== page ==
An astute businesswoman, Wightman was tenacious and determined, yet appeared to make no effort at all. In 1934 she moved Le Louvre to a three-storey terrace at 74 Collins Street. At the time the area mainly housed the rooms of medical specialists, whose wives she hoped to attract to her business. By the 1950s she employed thirty seamstresses and was known for her ability to provide for her clients ‘a modified couture version of the latest looks from Paris’ (English and Pomazan 2010, 26). The Austrian-born artist Louis Kahan, whom Wightman befriended in 1950, created the distinctive Le Louvre logo. She recommended him to her clients as a portraitist, and he subsequently designed twelve costumes that were made at Le Louvre for a royal command performance of The Tales of Hoffman during Queen Elizabeth’s Australian tour in 1954.

Until the 1970s Le Louvre operated as a traditional couture atelier. Wightman sat in the front salon where she would meet with clients, have tea, and discuss their requirements, before they were taken to the dressing room for fittings. There were no garments on display, clients came strictly by appointment, and neither clothing sizes nor money were ever discussed. Each item was made to order, and a bill was sent together with the clothing purchased. Wightman’s signature was an ocelot print, which she used for dresses, coats, handbags, and scarves, and for furniture and carpets in her salon.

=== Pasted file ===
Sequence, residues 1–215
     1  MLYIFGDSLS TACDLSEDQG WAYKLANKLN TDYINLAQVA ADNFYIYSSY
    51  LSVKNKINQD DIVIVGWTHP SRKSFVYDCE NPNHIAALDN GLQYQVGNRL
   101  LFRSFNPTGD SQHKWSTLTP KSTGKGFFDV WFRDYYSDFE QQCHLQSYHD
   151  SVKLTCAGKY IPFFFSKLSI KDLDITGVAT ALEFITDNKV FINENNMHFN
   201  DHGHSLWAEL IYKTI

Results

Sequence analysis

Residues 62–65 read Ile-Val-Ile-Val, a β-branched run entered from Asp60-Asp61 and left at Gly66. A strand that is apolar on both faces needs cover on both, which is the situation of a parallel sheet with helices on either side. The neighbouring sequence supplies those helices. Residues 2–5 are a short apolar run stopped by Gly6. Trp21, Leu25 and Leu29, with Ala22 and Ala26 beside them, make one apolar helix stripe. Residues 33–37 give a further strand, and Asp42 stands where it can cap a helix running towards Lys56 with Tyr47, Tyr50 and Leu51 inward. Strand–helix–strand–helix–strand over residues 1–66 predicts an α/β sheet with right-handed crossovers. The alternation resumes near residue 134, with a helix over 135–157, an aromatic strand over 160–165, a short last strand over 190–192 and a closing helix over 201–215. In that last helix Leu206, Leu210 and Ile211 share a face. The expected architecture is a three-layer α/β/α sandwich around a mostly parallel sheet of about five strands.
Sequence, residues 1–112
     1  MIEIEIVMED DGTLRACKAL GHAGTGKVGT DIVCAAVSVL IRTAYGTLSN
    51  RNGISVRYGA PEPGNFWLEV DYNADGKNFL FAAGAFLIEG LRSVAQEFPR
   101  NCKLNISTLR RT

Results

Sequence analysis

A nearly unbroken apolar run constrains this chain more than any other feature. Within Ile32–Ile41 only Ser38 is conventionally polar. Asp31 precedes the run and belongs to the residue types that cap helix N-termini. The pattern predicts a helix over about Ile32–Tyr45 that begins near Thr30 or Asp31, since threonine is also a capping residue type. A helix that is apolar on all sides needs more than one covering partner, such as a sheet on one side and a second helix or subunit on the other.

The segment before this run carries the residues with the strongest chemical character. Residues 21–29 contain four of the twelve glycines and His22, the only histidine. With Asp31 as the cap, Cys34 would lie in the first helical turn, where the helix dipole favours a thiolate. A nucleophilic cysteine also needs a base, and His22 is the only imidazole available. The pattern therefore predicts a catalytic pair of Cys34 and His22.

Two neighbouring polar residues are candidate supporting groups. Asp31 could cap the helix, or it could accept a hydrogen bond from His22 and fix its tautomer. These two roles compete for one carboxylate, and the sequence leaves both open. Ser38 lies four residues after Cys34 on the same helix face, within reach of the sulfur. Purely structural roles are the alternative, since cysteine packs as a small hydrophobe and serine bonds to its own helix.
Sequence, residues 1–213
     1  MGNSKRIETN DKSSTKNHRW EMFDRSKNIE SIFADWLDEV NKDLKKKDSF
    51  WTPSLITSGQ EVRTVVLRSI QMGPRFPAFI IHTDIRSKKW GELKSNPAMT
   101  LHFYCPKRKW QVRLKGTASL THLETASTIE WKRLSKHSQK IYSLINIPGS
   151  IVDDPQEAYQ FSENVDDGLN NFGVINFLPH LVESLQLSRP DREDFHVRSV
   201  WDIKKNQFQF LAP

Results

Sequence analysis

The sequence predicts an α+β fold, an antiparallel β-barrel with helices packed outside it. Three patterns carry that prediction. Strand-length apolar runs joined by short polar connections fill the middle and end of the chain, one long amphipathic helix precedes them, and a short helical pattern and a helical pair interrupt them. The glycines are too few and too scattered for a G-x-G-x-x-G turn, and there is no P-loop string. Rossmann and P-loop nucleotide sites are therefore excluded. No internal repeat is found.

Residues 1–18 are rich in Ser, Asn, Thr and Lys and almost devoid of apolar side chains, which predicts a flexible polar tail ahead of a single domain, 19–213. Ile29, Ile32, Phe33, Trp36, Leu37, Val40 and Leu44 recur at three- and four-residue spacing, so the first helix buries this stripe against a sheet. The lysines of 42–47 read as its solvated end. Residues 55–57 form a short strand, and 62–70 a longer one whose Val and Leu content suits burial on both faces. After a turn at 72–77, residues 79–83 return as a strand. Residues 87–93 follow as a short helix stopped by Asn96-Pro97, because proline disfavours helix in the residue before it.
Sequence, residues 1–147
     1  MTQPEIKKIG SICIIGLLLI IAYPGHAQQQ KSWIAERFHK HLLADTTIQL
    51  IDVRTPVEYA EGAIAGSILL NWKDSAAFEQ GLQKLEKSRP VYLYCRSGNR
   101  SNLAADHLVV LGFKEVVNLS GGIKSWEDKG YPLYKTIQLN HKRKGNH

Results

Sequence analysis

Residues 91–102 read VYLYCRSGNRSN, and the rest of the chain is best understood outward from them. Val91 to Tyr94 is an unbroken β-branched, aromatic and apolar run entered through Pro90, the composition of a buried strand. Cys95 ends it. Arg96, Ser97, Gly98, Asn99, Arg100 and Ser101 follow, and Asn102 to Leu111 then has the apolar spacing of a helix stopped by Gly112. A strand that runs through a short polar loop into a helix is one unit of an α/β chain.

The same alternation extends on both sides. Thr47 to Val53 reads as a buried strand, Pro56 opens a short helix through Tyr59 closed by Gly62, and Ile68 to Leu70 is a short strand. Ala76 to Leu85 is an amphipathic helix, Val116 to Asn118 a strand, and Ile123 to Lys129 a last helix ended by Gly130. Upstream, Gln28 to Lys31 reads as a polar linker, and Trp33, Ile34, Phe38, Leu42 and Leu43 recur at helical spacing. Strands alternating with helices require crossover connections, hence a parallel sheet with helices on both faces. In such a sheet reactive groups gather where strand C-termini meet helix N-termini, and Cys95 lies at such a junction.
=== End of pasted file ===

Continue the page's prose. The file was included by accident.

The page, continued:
On 23 May 1928 at the Presbyterian Church, Cotham Road, Kew, Wightman had married George McGeagh Collins Weir, a police constable and immigrant from Northern Ireland. It was an unconventional marriage: she continued to use her maiden name and did not wear a wedding ring, while he lived mostly in the country, where he became a farmer and grazier. In 1945 their only child Georgina was born but, as Wightman was not very maternal, she engaged a carer and housekeeper. She and Weir separated in about 1956 but they never divorced. In the late 1960s Georgina introduced her mother to the ready-to-wear revolution sweeping Europe. Wightman deplored nostalgia, so she encouraged Georgina to bring the fashions of European designers to Le Louvre, pivoting the business slowly over the next fifteen years away from couture.